COLUMBIA — Damon Owens said his life is a testament to the correctness of God’s plan for relationships between men and women.
The New Jersey-based family values advocate spoke to about 40 people on “God’s Plan for Love, Life and Family” at St. Martin de Porres Church on May 31. It was his third appearance in three days in the Diocese of Charleston. The Office of Family Life sponsored the visit.
Owens, a New Jersey native and lifelong Catholic, told the Columbia crowd frank stories about his journey from being a young man who let his faith and values slip during college years at Brown University to a married man with six daughters who wants others to discover the fullness of a committed, God-centered relationship.
On May 29, he spoke to about 50 people at the Cathedral of St. John the Baptist in Charleston on “God, Sex and the Meaning of Life,” and on May 30 he led a training session at St. Mary Magdalene Church in Simpsonville for people who work in marriage ministry.
Owens is the founder of Joy-filled Marriage New Jersey, the natural family planning coordinator for the Diocese of Camden, N.J., and a national spokesman for the Life Education and Resource Network, made up of African-American pro-life organizations. He is an outreach director for the National Organization for Marriage, and a gospel singer. Owens is one of the national trainers for “God’s Plan for a Joy-filled Marriage,” a marriage preparation program used at two churches in the diocese. He is also working on two shows for EWTN.
Owens described the struggle of promoting God’s plan for relationships in a world that has trivialized the meaning of family, sexuality and commitment.
He described meeting his wife Melanie at a graduate school reception in California. The couple, both Catholic, were sexually active in the early months of their relationship, before deciding to make a commitment to abstinence, he explained. They struggled and eventually visited a priest in Oakland, Calif., who gave them a copy of “Humanae Vitae,” Pope Paul VI’s 1968 encyclical on human life and sexuality, and invited them to worship at his inner-city parish.
At the first Mass he attended, Owens said he felt he had returned to the faith of his childhood. The couple committed themselves to abstinence for the next two years leading up to their marriage after reading the encyclical.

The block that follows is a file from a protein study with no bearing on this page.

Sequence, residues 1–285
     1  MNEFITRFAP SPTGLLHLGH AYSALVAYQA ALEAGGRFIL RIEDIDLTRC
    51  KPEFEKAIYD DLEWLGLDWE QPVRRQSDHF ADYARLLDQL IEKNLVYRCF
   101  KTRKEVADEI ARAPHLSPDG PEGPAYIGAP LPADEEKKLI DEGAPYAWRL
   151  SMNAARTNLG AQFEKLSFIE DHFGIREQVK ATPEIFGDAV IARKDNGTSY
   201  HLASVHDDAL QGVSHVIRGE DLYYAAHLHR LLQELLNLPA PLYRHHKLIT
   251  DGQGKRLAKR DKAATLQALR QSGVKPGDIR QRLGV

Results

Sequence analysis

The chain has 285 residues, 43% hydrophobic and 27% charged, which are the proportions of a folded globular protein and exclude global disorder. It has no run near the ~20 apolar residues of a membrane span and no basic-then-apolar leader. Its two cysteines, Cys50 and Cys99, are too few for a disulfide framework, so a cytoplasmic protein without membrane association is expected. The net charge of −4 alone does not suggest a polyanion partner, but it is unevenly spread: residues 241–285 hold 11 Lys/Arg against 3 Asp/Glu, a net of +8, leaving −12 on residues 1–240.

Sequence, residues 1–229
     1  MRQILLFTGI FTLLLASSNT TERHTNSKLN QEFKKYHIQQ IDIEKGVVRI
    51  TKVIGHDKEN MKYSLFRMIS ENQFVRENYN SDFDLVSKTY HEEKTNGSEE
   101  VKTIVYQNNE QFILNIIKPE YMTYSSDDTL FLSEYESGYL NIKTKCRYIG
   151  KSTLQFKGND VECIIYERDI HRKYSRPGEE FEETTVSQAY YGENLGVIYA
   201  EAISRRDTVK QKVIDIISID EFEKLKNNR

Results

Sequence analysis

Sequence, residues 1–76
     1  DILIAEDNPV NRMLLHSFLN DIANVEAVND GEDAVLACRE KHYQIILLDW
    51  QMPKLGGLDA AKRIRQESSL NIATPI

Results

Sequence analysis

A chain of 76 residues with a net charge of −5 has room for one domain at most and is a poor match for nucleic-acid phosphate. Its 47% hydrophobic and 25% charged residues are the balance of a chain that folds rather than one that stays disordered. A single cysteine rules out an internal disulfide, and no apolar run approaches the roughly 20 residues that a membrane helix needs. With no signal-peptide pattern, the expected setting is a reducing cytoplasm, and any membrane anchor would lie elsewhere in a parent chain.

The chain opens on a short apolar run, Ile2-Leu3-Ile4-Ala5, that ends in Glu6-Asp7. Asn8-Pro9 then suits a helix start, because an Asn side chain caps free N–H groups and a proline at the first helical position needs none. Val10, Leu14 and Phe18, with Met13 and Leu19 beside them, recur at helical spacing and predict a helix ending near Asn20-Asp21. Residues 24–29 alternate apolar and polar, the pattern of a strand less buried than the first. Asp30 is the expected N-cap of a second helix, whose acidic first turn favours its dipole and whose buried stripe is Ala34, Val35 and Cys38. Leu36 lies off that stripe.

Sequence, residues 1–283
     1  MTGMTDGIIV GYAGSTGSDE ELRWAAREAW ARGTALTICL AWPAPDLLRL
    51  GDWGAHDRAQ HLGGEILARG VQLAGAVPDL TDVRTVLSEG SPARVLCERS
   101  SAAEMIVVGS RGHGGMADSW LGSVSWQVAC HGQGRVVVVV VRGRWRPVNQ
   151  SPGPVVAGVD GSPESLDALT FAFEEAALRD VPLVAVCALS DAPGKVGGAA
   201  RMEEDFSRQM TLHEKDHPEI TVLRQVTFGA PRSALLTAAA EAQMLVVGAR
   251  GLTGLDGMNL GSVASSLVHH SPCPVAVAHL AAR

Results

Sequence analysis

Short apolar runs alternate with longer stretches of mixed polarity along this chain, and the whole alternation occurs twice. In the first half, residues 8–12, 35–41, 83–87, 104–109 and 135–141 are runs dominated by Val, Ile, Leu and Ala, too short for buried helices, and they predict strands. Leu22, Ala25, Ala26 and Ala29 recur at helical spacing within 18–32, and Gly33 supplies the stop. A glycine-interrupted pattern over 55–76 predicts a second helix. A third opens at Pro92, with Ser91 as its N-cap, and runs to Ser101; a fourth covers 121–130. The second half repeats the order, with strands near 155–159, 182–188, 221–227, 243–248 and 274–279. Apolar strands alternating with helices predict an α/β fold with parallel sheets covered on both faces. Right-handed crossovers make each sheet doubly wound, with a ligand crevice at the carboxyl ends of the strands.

“It was the first time I had ever read anything the church actually taught,” he said. “We were 22, in love and we wanted to be happy, and for the first time everything made sense. We learned about wholeness, integrity and what it really means to be a man and a woman … these are two identities flowing from God, and the church’s teaching gives us a lens to understand why we’re here and what we must do to be happy.”
By focusing on the nature of marriage and its sacred purpose of creating human life, he said couples can discover a source of true happiness not found in a secular culture that promotes a trivial version of sexuality.
“We learned from ‘Humane Vitae’ that our faith is not separate from our desire to be happy,” he said. “We learned that God is real, and this is not just acting a certain way because you’re supposed to. This vision of love showed us that Jesus is real. In the struggle, we learned that God’s grace is not abstract … the deepest mystery of God is that God himself is an eternal exchange of love.”
Owens described the difference between the love people feel toward their family and friends, and the love between a man and wife.
“These are stepping stones to the love everyone is called to — agape, pledged love, committed love,” he said. “The ability to love is meant to be given away. A freedom that is not committed rots like fruit. With agape love, we are pledging everything to a particular other. It’s life-giving love, fruitful because it’s a mature tree. For most of us, this love is found in marriage.”
The total commitment that couples show each other in marriage is a mirror of the union with God that people will achieve at the end of their lives.
“Marriage itself is marriage prep,” he said. “Through marriage, we’re preparing for the marriage of the Lamb that will take place when we get to heaven.”
He stressed that people who are not called to marriage can also show committed love through a religious vocation or through a single life that is devoted to serving God and others.
Owens said that bearing and raising children is the most evident fruit of married love, and strong, committed, two-parent families create the foundations of a stable society.
“Marital sexual love is the only love that literally can create a third,” he said. “This type of family union creates affirmed and loved and strong children, who become affirmed and loved and strong parishioners, politicians, policemen and other members of our communities.
“The family is the nuclear cell of our culture. Someone said to me that you can’t learn love from an institution, and that’s true,” he continued.
He encouraged people to teach youth about the importance of sexual purity and the Catholic vision of sexuality, and to help engaged and married couples learn about the fruitfulness of living out church teachings on marriage and reproduction.